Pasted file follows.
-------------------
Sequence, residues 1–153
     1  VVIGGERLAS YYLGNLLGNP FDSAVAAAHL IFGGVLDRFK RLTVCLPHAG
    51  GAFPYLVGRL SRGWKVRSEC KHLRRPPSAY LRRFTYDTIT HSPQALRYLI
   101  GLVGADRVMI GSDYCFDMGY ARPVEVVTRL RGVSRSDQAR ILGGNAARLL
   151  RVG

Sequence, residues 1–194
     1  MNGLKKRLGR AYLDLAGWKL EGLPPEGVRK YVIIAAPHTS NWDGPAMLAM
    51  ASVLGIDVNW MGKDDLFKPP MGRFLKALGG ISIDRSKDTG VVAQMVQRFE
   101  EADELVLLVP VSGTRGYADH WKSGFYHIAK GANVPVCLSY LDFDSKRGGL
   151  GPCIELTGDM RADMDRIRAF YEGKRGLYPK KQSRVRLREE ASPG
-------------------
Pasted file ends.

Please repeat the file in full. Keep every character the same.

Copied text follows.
Sequence, residues 1–153
     1  VVIGGERLAS YYLGNLLGNP FDSAVAAAHL IFGGVLDRFK RLTVCLPHAG
    51  GAFPYLVGRL SRGWKVRSEC KHLRRPPSAY LRRFTYDTIT HSPQALRYLI
   101  GLVGADRVMI GSDYCFDMGY ARPVEVVTRL RGVSRSDQAR ILGGNAARLL
   151  RVG

Sequence, residues 1–194
     1  MNGLKKRLGR AYLDLAGWKL EGLPPEGVRK YVIIAAPHTS NWDGPAMLAM
    51  ASVLGIDVNW MGKDDLFKPP MGRFLKALGG ISIDRSKDTG VVAQMVQRFE
   101  EADELVLLVP VSGTRGYADH WKSGFYHIAK GANVPVCLSY LDFDSKRGGL
   151  GPCIELTGDM RADMDRIRAF YEGKRGLYPK KQSRVRLREE ASPG